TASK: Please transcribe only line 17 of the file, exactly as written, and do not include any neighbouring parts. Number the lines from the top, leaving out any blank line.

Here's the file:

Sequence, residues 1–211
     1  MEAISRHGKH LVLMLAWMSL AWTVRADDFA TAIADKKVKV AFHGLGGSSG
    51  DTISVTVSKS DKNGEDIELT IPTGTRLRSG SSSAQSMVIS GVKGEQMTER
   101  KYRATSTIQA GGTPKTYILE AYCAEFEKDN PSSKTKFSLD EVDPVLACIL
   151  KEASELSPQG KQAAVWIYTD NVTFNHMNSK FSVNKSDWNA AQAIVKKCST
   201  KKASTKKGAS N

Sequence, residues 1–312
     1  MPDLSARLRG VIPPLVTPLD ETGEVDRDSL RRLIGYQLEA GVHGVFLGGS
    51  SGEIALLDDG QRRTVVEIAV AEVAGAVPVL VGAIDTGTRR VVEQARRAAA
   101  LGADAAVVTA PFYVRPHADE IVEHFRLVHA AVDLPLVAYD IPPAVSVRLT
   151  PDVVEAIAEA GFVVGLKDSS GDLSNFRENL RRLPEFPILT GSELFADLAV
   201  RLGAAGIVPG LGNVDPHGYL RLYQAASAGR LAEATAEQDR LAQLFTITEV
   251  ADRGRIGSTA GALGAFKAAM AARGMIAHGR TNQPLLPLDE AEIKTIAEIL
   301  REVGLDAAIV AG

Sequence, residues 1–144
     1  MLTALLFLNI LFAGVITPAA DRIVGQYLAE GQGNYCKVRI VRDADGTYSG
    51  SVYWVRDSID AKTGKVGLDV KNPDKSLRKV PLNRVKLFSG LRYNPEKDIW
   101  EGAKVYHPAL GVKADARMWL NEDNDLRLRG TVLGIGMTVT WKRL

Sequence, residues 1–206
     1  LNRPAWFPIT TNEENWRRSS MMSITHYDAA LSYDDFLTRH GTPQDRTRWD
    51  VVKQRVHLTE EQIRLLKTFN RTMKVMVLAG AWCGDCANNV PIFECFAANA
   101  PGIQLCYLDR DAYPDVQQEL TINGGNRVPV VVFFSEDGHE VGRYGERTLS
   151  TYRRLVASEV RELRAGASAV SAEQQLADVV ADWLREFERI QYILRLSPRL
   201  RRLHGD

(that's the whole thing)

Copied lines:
    51  SVYWVRDSID AKTGKVGLDV KNPDKSLRKV PLNRVKLFSG LRYNPEKDIW